Netflix was a better platform for a comic accurate Daredevil than the MCU due to the dark, gritty violence and successful character building.
With the Marvel Cinematic Universe restricted by PG-13 guidelines, Netflix was a much better home for Daredevil. The streaming service acquired Daredevil in 2015, alongside some other lesser-known Marvel heroes. They instantly hooked audiences with their iteration of Matt Murdock (Charlie Cox) and his strong supporting cast of characters.
Daredevil’s origin is something that has remained constant, from the comic books to the films to his appearance on Netflix. Matt Murdock was blinded as a child in an accident and quickly discovered he had developed a “radar sense,” a little like a bat’s sonar ability. Training this ability and his martial arts skills, as an adult, he eventually became Daredevil, a feared vigilante in the Hell’s Kitchen area of New York City. However, Daredevil is the unluckiest Marvel hero as it took 12 years for a comic-accurate version of him to appear back on screens after Ben Affleck’s less than impressive stint as the superhero, and Netflix’s version of him has the risk of being lost with Disney’s acquisition of the character, as glimpsed in Spider-Man: No Way Home, where he was used as comedic relief – catching a brick as it flies through the window, despite being blind, while serving as Peter Parker’s lawyer.
Daredevil’s time on Netflix was originally successful due to the timeframe television provided. Multiple episodes of lengthy character-building brought Daredevil and Matt Murdock to life, as well as the villain Kingpin (Vincent D’Onofrio). His violent crimes and dark past were developed through three seasons of strong backstory. Much of Kingpin’s development and backstory has stayed MCU canon, confirmed through his brief appearance on Disney +’s Hawkeye series. Daredevil was a gritty show about “real people” and their struggles in an increasingly super world. Characters faced impossible decisions, and some even suffered terrible fates before the first season had even concluded. Netflix was not constrained by a larger picture, and the entire focus was on the character of Matt Murdock and his alter-ego, Daredevil. With the MCU bound by PG-13 standards, a film’s timescale, and its own comedy/action success formula, it is hard to see how a Daredevil film would have been the same hit that the show ended up being on Netflix.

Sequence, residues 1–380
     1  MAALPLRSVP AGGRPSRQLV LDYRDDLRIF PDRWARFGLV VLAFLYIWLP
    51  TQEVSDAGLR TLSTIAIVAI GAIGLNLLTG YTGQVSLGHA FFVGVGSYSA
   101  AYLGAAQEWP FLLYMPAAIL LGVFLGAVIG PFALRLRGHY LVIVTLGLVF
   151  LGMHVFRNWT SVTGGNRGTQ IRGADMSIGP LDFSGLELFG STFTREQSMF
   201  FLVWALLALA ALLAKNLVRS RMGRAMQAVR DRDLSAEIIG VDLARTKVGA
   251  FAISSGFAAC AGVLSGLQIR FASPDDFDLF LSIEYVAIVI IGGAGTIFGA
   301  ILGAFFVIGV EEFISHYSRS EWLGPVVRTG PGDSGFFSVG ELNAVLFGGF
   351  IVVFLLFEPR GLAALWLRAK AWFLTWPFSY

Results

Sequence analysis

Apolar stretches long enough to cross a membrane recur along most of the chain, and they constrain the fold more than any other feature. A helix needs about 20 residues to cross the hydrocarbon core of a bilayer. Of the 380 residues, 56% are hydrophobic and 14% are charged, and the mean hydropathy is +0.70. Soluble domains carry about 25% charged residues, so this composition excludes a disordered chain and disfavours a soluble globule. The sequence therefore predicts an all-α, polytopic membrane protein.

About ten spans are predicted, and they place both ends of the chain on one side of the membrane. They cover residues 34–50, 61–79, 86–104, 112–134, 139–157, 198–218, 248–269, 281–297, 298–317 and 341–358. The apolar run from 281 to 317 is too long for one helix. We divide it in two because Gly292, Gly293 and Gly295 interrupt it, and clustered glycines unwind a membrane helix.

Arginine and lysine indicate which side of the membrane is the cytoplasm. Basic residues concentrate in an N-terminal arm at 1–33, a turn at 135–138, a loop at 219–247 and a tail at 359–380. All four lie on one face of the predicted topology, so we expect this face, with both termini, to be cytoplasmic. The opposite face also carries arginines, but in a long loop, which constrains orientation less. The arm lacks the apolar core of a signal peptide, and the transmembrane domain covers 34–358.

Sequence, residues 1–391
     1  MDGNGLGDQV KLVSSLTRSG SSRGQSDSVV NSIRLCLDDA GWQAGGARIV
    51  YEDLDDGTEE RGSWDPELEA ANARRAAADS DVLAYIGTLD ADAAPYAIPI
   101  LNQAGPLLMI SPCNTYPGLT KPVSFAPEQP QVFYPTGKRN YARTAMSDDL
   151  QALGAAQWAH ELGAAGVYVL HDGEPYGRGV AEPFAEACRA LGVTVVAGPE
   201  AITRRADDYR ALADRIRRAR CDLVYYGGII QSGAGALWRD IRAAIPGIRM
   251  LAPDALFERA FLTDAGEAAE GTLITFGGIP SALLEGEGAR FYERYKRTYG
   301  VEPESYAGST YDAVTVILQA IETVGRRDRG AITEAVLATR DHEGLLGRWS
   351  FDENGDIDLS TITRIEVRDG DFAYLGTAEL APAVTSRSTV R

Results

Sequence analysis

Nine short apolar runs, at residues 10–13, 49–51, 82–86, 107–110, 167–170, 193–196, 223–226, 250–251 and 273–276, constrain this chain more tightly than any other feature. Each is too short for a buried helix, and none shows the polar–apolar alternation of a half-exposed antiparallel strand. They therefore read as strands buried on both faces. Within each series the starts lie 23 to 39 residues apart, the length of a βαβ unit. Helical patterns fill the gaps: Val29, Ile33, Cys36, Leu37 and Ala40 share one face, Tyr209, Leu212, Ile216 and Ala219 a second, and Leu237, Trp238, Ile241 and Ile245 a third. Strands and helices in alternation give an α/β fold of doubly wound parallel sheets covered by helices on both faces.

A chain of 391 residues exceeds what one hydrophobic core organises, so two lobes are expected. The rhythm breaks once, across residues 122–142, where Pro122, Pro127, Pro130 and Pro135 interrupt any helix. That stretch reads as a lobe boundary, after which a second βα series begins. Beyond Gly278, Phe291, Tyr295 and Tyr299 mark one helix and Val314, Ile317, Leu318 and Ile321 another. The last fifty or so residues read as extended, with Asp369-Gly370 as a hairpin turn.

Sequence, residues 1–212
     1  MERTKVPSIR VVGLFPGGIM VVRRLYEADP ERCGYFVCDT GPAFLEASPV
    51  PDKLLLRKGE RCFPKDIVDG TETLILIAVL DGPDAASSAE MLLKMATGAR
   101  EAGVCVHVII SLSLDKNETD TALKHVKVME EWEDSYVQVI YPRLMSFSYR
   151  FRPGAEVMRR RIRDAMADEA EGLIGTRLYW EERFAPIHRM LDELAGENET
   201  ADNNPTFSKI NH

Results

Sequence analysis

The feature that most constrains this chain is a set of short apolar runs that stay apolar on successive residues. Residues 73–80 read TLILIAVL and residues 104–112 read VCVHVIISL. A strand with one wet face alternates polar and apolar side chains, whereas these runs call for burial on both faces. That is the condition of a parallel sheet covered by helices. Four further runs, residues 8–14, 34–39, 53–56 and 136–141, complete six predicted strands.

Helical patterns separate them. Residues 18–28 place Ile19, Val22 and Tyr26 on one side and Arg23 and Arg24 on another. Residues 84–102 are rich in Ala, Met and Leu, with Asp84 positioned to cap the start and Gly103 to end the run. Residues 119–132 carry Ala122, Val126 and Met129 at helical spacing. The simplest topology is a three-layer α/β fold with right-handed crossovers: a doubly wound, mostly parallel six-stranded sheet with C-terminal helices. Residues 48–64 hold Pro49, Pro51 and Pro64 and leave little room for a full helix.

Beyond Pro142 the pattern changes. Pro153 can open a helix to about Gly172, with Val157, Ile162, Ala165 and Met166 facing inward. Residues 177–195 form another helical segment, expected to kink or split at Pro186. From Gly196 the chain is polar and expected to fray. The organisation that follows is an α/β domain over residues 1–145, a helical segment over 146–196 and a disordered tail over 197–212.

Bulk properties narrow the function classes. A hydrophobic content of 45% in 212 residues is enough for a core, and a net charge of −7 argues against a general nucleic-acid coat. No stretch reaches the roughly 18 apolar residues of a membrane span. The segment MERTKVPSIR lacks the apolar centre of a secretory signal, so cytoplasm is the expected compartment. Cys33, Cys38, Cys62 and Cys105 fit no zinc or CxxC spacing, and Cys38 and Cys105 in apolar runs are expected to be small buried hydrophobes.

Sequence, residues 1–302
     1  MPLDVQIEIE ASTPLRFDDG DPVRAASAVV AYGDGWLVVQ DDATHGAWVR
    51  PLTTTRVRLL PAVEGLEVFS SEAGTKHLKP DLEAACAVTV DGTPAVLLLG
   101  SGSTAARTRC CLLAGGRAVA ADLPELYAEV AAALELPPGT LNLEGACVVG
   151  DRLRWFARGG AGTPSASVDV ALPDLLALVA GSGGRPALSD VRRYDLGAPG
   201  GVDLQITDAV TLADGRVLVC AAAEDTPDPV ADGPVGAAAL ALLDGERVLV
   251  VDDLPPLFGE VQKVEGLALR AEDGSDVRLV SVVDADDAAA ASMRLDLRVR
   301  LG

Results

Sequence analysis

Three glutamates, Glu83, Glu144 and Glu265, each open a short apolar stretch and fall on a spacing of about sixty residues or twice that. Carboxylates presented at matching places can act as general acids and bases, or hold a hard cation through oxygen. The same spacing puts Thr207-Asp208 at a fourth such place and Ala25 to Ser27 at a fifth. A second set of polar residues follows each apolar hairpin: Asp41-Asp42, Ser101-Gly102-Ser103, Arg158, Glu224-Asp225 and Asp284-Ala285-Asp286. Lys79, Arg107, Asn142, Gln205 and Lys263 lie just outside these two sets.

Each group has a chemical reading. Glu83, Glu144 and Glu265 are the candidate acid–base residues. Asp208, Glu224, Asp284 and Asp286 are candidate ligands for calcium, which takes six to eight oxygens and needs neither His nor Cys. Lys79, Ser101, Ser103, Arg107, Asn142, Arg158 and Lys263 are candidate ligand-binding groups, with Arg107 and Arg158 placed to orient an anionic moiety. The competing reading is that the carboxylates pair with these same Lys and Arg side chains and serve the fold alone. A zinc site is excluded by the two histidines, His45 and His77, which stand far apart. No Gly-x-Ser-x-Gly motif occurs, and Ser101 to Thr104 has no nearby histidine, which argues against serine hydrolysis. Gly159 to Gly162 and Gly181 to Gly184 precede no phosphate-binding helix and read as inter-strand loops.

Despite being a lawyer by day, Daredevil’s crime-fighting methods were close combat and often brutal. It was this dark, night-time, violent vigilantism that all of Netflix’s Marvel shows ended with, bringing audiences an accurate Daredevil. In Daredevil season 1, episode 2, many will remember an Oldboy–esque fight scene in a long corridor. The camera slowly tracked down a dim and dirty hallway as Daredevil burst through the door, beating a small army of Russian mobsters in hand-to-hand combat. He broke bones, threw men through doors, and looked exhausted doing it. Daredevil was presented as a human vigilante with heightened senses due to blindness, not a superpowered hero. In Captian America: The Winter Soldier, the MCU attempted a similar close combat fight scene with Captain America in a lift with a bunch of Hydra agents. This scene was fast-paced, over the top, and finished quickly. Daredevil’s variation took almost 12 minutes. And in this time, some of the action was off-screen too. This begs the question of whether the MCU’s Daredevil still be the same as Netflix’s. It was this gritty, down-to-earth violence that made Netflix such a better platform for Daredevil, creating a show better than anything the MCU could have produced.
Netflix has proven that it was the perfect platform for the heroes of Hell’s Kitchen, and there are lingering concerns about how these dark, down-to-earth characters will be integrated into the MCU movies. Unfortunately, Daredevil’s cameo was too short in Spider-Man: No Way Home to provide any detailed insight into what his future will hold in the MCU. Most hope rests with the upcoming Moon Knight series, as it appears to be paving the way for a darker hero and may test the waters for Daredevil’s return to TV after Daredevil was canceled at Netflix, to facilitate extended cast character building, a higher age rating, and extended fight sequences, something that Netflix presented perfectly.
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